A Fine Conditioning Climb. “Park your car, walk a mile, and enjoy 5000 ft. of arduous, constantly exposed climbing”—such is the invitation offered by the N. Face of Mt. Johannesberg. I have accepted the invitation twice, and spent 32 and 31 hours reaching the summit. Such a climb affords ideal training in the demands of long ascents, the more so if it combines, as this one does, problems of rock and ice. Winter avalanches have kept much of the face swept clean, so that in midsummer there is little danger from above. The peak is only 8200 ft. high and, being located in the Cascade Pass area, is convenient to Seattle.*
In 1949 Gene Schoder and I planned to ascend the N. Face by its middle rib and then traverse the summit ridge. We crossed Cascade Creek half a mile above Gilbert’s Cabin and started up the steep, brushy face. The brush gave way to a slabby watercourse leading up to the lower snow fields. Here we encountered some ice and crevasses, easily turned, and began working up the final belt of cliffs. A long trough, easy and difficult slabs, an 80-degree wall (100 ft.) which Gene surmounted with three pitons, and finally some easy scrambling brought us to the lower W. summit of Johannesberg. Now we could see that a ridge-top traverse to the main summit would be too complicated. We dropped down 1500 ft. and bivouacked on the S. slope.
Next day we ascended the main peak by the labyrinthine-ledged S.E. ridge, where the only problem is route-finding. But the grind had just begun, for there was no short route of descent: the Cascade- Jo couloir is too difficult, the S. Face impossible, the N. Face too dangerous. There seem to be only two possibilities. Gene and I descended the S.E. ridge, traversed westward along the S. side, then crossed the Johannesberg ridge well W. of the mountain, and dropped down through brush to the road. In 1950 Fred Ayres’ party went up by the route of the first ascent, but descended the E. ridge, traversed eastward on the S. side of Cascade Peak and The Tripletts almost to Magic Mountain, crossed the col, and traversed back to Cascade Pass, “having walked on the left side of their feet for seven hours.” Since, despite its low height, Johannesberg is indecently huge, one should obviously choose the route of descent in advance, out of consideration for one’s support party.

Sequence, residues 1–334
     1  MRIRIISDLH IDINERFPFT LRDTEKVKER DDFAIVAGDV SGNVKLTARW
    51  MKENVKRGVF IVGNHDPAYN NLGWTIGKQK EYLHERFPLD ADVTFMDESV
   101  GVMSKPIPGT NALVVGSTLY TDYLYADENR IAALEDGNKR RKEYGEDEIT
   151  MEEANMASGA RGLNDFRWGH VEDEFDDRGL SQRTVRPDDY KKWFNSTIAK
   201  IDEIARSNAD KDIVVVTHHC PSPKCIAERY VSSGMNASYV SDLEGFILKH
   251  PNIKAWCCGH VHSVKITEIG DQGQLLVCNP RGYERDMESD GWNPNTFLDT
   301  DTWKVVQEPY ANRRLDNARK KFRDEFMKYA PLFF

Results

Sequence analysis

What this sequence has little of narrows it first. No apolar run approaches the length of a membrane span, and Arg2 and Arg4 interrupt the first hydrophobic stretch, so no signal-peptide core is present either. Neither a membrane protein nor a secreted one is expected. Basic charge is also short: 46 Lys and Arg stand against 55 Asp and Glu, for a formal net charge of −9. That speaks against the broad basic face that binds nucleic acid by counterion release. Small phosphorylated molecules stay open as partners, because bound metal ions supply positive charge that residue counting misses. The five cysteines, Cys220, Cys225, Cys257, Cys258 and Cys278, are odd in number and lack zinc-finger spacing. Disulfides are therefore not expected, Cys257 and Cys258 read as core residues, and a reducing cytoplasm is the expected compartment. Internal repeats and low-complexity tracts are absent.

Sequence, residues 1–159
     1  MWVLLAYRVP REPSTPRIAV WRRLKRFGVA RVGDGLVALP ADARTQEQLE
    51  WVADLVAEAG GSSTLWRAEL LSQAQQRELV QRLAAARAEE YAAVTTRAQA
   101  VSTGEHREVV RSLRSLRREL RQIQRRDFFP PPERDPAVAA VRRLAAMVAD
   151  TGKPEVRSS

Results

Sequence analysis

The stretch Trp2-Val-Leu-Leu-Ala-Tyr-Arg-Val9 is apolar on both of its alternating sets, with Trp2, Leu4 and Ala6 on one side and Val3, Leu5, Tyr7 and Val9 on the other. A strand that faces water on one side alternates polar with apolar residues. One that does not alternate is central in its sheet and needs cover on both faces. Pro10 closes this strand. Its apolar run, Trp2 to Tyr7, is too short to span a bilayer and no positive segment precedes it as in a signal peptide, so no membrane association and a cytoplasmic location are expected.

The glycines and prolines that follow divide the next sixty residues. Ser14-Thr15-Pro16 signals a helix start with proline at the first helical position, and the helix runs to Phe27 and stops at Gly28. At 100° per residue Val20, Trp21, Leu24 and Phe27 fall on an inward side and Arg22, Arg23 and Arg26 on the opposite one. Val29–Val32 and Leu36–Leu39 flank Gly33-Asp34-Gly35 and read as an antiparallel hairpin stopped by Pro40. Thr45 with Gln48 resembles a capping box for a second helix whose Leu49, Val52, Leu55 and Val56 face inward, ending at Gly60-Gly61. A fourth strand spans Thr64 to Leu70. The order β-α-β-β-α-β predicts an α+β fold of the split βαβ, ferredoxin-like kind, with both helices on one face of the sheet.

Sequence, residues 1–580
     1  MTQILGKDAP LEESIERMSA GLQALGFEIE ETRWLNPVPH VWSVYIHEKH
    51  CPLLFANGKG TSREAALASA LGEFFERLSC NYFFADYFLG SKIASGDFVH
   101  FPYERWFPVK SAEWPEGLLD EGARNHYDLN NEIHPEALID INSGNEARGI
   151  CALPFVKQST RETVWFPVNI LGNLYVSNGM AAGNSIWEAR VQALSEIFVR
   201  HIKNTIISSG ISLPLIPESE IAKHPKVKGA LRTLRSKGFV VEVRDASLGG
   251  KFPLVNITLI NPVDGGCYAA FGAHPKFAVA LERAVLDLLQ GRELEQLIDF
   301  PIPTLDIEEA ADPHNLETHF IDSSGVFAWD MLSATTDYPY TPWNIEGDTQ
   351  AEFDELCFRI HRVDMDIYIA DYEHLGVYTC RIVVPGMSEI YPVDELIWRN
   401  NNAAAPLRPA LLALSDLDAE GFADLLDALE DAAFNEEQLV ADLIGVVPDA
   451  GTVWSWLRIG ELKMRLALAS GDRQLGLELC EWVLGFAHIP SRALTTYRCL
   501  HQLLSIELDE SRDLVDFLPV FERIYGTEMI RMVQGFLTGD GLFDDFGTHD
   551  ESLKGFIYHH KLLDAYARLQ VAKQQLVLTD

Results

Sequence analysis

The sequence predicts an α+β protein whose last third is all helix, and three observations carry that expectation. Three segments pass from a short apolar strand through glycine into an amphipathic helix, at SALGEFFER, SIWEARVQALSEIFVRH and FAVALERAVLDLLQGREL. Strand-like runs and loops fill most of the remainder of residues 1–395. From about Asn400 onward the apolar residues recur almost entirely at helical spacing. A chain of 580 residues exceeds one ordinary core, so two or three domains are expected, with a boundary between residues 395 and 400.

The “direct route” on Johannesberg is the N.E. rib of the N. Face. In July 1951 Tom Miller and I set out to determine its feasibility. We left the car at 5.00 A.M., crossed the river and brush slopes to the snow fan issuing from the Cascade-Jo couloir, and soon attained the base of our rib. For several hours we pulled ourselves up the brushy cliffside. Even in the densest thickets I could hear the avalanches pouring off Cascade and Tom’s cheery voice praising the outdoor life. Here the climbing was an intensified version of that on the N. peak of Index, on which we had trained the week before. Above the seemingly near-vertical jungle, we clambered up seemingly near-vertical meadowland, slowed by the heat and our heavy packs.
Our meadowland petered out on a sharp arête. Here we roped. Miller led out along the sheer side wall of the arête and up again to its crest. We followed the crest a way, veered several hundred feet to the right over easy slabs, then zigzagged up some strenuous shelves, using seven pitons. Miller used three more in overcoming a rotten trough and a difficult overhanging chimney. This feat brought us into the reddening sunlight, atop the main crest of the N.E. rib. We bivouacked 300 ft. farther up the rib, beside the great snow cap. We had no fire, but were warmed considerably when we saw the threatening sky clear late that evening.
Next morning we followed the narrow, extremely exposed snow ridge up to the upper hanging glacier, belaying continuously with our ice hammers. After skirting wide, snake-like, around various crevasses in the steep snow field, we reached the rock pinnacle of the final summit. Three leads and two pitons later, we were relaxing on top in the glorious noon. We had arranged with our support party to descend by the Ayres route. The descent of the E. ridge, new country for us, involved several false starts and lost time. After the tedious traverse, just at dark, we met our support party and were glad to be guided by a shortcut over to Cascade Pass. The 1949 and Ayres routes of descent are about equally unattractive. About ten hours from the top to Gilbert’s Cabin. Next time I think I’ll just stay on top.
* Johannesberg was first climbed in 1938 by R. W. Clough, W. Cox, C. T. Bressler and T. Meyers, who used the Cascade-Jo couloir and the S. side of the E. ridge.